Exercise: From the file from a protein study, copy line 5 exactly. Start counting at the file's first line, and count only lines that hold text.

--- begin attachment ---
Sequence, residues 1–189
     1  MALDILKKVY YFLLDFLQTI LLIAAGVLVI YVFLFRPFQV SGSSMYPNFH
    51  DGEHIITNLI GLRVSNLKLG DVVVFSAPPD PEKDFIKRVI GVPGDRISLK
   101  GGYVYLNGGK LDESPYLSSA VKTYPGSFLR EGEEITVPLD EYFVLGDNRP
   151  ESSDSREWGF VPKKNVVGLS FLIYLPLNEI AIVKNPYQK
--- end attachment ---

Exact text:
   151  ESSDSREWGF VPKKNVVGLS FLIYLPLNEI AIVKNPYQK